“It still rankles a bit in that, earlier this year, the existing local operator, Thompson’s Passenger Service (TPS), a commercial operation, was pressured off the route by the Wellington Regional Council and our taxpayers’ money frivolously wasted to subsidise another operator (Tranzit) to operate the same service when a better approach could have been an approach to TPS asking would they run on the other days they were not operating for a running subsidy until future tenders were finalised. From this route 70 affair and the new ‘Metlink’ branding effort, I get the impression that the WRC public transport department officers are more interested in justifying their existence than having a realistic attitude to expanding our transport network.

“October saw the restructuring of the Geoff Willmott businesses; Silver ‘n’ Gold Shuttles and  Xtreme Buses to becoming a Co-Op Shuttle operator as Silver ‘n’ Gold Shuttles Ltd, the same name as used for their Otaki Taxis. I assume the Nissan Civilian was traded for the Ford Transit minibus now used. His Otaki house is for sale.

“The other Otaki Co-Op Shuttle operator Dave Glover had his failed Wellington commuter service bus attacked by arson on the 25th of October. It had been parked for sale beside SH1 at Otaki Railway for an unrealistic price.

“And finally the last all Bedford fleet in NZ (bar the Trevor Jones fleet), TPS, has succumbed to an import. It is an Isuzu LR 312 previously with South Island operator Atomic shuttles. Rego is UQ 3311. Bedford SB3 HQ 3922 has been sold for a motor caravan conversion.”


            RAETIHI – this rural town, 11km from Ohakune, is home to Dempsey Buses Ltd. who supply school services, charters, Mt Ruapehu trips and some mill workers’commuter services. They have recently taken delivery of a new vehicle that is very much in the tradition of the NZ rural operator (or, for that matter, of many other areas of the world where low purchase price, simplicity and ruggedness are qualities needed for continued operation). The vehicle is featured in the BCA circular for November and is a very attractive multi-purpose school/charter bus built by Kiwi Bus Builders, Tauranga, on a Hino FG truck chassis. It is tested and commented upon by John A. Murphy who finds it compares exceedingly well with purpose-built bus/coach chassis. Dempsey Buses already run an earlier Hino and an Isuzu, both bodied by Kiwi. (Having a holiday house in the area, I’ve seen this new Hino myself – it looks even better than in photos. – Ed.)


WELLINGTON – Metlink has, since early October, replaced the former label Ridewell as the name for Greater Wellington (theRegional Council’s) transport network, covering all bus, train and harbour ferry services. The identities of the individual companies providing transport in the region will remain distinct but all vehicles, timetables, bus stops and relevant advertising and literature will carry the Metlink logo and colours, with vehicles having it applied discreetly on the liveries as they exist now. There is a website for public transport information  Also there are pocket timetables and network maps, txtBUS for timetable info via mobiles, 21 bus stop info displays in Central Wellington, Explorer bus/train tickets that allow a child to go free, bus stop numbers for txtBUS users, Metlink station carpark signs and some additional services on selected routes.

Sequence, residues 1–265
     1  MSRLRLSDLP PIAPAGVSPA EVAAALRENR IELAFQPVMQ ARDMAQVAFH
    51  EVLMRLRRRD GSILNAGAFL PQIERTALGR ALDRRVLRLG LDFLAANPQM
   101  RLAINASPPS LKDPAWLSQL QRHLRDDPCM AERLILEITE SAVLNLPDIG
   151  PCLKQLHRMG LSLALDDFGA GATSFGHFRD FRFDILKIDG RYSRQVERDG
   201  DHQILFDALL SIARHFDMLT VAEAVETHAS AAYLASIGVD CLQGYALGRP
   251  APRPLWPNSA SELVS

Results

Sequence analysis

Stagecoach – All 2400s have been delivered – 2489 to 2496 are all with Cityline Hutt Valley. 2489 – 2491 are all B53F for the Eastbourne Connector while 2492 – 2496 are B43D and are new Airport Flyers replacing the aging ex-Hong Kong Volvos.

A number of Hutt Valley routes have shown considerable growth recently, Wainuiomata Commuter Route 80 by 48%, Route 115 Pinehaven by 45% and Route 121 Valley Heights by 39%. Also the improved 80-group routes to Eastbourne grew by 29%.   

Mana Coach Services –

Porirua Depot – Michael reports two new Volvo B7RLE buses arriving in the first half of November from Kiwi, Tauranga. They will run from Newlands Depot and are 146/DAG246 and 147/CZW692. He also notes that the MCS (ex-Newlands) Leyland fleet further declines, with ex-Invercargill 1982 Leopard 145/NCS45 and 1985 Tiger 138/NCS38 being sold “up north” around the beginning of November. 138 was to be replaced by a Dennis Javelin (not new) to be based at Newlands. (See also under Kapiti.)

Newlands Depot – see note under Porirua. New here is 37-seat Volvo B7M coach, 137.